In your book »Linha do Tempo«, you mention the influx of designers from all over the world to Brazil who then left their mark on graphic design here …
Yes, that’s a phenomenon with an impact that even I was not truly aware of until I did the research for this book! In the course of the two centuries in which design in Brazil really flourished, there were many masters working in the country, and among them were many from abroad. Portuguese, of course, but also Italians, Germans, Austrians, Spanish, Argentinians, French, Japanese, Hungarians, Danes – a large and heterogeneous group of masters of design and the visual arts. And they did not come to Brazil on a short-term basis to complete a commission or to work with one or the other institution – they were independent people, masters of their craft and wanting to live and work here long term.
Do you think that design here has been significantly influenced by what’s happening in design abroad?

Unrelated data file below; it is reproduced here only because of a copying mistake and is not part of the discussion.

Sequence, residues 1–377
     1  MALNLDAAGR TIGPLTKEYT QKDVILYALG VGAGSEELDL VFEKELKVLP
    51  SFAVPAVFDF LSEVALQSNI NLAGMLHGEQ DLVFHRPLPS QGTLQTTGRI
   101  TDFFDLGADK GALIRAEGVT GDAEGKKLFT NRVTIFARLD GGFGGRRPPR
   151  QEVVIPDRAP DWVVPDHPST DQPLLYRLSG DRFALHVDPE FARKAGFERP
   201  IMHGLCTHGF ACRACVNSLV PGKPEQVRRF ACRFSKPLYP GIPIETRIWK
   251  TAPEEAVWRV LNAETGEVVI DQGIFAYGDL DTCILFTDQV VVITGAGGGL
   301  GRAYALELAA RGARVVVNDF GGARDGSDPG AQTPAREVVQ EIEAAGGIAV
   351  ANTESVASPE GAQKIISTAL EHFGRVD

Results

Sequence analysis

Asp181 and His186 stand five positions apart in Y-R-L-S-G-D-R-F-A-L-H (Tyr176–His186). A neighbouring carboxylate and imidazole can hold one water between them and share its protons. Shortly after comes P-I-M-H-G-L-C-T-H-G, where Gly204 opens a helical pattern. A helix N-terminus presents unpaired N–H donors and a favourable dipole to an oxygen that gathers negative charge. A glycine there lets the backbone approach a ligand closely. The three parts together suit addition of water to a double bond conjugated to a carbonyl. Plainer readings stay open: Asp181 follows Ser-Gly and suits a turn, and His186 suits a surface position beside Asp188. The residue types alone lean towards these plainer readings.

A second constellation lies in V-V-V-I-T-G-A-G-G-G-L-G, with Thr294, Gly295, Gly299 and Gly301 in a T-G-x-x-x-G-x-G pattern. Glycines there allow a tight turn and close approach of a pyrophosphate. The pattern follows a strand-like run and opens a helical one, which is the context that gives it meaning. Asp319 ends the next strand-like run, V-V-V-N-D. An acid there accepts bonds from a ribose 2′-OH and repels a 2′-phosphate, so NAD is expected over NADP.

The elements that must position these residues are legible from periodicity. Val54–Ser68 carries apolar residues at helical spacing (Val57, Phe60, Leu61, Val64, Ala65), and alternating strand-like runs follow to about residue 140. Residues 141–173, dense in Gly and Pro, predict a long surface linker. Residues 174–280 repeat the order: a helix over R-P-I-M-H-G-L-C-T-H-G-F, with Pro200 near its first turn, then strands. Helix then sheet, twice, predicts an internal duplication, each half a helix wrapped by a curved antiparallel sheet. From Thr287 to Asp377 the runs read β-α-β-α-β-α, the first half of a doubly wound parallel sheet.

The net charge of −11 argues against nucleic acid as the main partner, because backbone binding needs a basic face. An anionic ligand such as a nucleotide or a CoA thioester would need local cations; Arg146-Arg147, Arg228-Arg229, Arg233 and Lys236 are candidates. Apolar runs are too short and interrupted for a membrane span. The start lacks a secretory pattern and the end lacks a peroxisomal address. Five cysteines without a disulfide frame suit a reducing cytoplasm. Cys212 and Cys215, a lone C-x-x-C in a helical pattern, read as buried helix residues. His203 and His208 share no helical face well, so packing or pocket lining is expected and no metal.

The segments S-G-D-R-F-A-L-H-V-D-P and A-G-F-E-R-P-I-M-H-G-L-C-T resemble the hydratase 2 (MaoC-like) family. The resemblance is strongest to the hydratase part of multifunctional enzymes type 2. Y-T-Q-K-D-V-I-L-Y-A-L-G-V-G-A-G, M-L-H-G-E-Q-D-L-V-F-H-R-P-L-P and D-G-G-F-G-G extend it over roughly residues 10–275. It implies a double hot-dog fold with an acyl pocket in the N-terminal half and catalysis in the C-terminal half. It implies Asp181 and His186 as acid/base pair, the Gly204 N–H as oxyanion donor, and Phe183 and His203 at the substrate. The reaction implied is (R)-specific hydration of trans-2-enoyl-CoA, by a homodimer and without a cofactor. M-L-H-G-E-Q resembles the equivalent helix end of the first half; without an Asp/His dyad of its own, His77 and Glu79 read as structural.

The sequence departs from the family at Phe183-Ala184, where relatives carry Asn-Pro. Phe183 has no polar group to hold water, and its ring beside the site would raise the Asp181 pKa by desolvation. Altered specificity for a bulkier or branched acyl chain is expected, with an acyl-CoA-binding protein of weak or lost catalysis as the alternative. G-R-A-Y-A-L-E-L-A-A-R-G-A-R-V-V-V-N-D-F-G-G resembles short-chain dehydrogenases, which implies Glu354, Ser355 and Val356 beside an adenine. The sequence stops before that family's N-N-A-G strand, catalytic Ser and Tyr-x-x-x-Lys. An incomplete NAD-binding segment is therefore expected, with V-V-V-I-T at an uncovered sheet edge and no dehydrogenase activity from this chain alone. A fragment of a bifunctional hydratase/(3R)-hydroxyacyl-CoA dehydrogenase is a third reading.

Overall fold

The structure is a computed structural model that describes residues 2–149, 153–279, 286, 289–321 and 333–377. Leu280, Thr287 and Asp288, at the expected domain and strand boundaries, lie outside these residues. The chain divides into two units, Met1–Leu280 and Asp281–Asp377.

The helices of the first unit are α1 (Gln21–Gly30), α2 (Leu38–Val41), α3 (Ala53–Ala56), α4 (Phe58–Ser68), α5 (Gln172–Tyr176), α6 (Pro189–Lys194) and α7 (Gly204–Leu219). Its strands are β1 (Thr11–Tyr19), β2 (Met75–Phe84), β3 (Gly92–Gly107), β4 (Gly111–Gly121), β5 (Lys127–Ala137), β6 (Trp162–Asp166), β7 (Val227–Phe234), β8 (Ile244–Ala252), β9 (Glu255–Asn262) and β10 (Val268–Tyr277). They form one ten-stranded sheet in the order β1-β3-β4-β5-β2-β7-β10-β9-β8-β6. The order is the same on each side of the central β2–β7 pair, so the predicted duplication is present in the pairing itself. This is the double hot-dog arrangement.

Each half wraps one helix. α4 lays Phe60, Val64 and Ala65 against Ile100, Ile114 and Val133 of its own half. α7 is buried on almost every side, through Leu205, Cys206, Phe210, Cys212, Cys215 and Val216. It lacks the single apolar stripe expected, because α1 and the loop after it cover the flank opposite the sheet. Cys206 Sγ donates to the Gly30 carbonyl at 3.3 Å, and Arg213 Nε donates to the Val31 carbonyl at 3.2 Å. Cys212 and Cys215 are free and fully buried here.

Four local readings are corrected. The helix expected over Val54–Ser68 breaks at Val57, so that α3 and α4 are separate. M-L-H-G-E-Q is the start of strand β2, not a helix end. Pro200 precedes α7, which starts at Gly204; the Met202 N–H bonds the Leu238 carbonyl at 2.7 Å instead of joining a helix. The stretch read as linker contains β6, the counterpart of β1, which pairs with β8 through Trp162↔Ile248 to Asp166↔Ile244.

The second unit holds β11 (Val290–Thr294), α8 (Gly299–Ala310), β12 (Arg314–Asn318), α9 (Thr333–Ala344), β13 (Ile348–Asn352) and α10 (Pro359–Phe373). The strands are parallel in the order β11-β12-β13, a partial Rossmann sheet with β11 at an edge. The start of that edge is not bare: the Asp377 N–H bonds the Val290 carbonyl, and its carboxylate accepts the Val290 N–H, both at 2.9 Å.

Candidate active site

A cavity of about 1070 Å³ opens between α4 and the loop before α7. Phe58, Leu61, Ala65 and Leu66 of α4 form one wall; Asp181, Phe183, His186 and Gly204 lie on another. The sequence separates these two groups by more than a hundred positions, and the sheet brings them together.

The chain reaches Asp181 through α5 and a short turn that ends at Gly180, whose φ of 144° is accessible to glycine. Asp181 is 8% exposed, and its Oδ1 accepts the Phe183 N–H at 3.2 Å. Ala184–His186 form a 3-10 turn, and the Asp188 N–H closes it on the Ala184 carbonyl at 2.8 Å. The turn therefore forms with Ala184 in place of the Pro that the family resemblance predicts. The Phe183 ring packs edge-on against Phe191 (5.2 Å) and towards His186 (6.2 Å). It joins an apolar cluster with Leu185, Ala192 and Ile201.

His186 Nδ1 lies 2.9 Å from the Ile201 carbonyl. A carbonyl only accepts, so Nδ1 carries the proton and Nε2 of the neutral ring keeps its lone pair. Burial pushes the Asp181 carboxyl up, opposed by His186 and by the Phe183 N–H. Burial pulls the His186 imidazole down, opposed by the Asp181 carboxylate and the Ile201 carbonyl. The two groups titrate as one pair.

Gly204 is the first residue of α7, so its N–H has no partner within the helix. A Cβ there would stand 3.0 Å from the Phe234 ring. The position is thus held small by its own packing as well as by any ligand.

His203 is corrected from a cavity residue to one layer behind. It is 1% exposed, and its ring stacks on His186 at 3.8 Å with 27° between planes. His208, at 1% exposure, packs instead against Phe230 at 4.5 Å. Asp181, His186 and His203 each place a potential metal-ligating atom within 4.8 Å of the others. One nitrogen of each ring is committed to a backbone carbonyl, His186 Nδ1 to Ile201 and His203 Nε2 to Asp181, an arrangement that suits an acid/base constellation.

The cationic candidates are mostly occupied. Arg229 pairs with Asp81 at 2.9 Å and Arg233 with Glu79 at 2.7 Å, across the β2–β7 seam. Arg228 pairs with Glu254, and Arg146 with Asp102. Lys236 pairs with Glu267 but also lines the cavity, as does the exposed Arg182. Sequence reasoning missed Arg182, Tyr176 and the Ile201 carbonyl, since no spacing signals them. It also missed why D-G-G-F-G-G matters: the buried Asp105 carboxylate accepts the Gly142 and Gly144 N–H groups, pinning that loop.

Well, you have to make a distinction here: When you say foreign influences, most people automatically think of institutional educational opportunities, of university exchange programes or the travels of Brazilian designers abroad, and of the publications to which these experts have access – books, magazines and recently the digital media. All that is important, but I do not mean these forms of influence. What I mean are the day-to-day achievements of creative and independent designers who have set themselves up in Brazil and have built up a kind of contact which, for want of a better expression, I call organic. In my opinion that is the deeper and more lasting influence. My conclusion is that we have been very fortunate with the foreigners who have come to us. The best that has been produced in Brazilian design over the last two centuries, goes back to these people. We are a diverse nation, that is without doubt.
To find out more about Brazilian design, take a look at our February issue: novum 02.17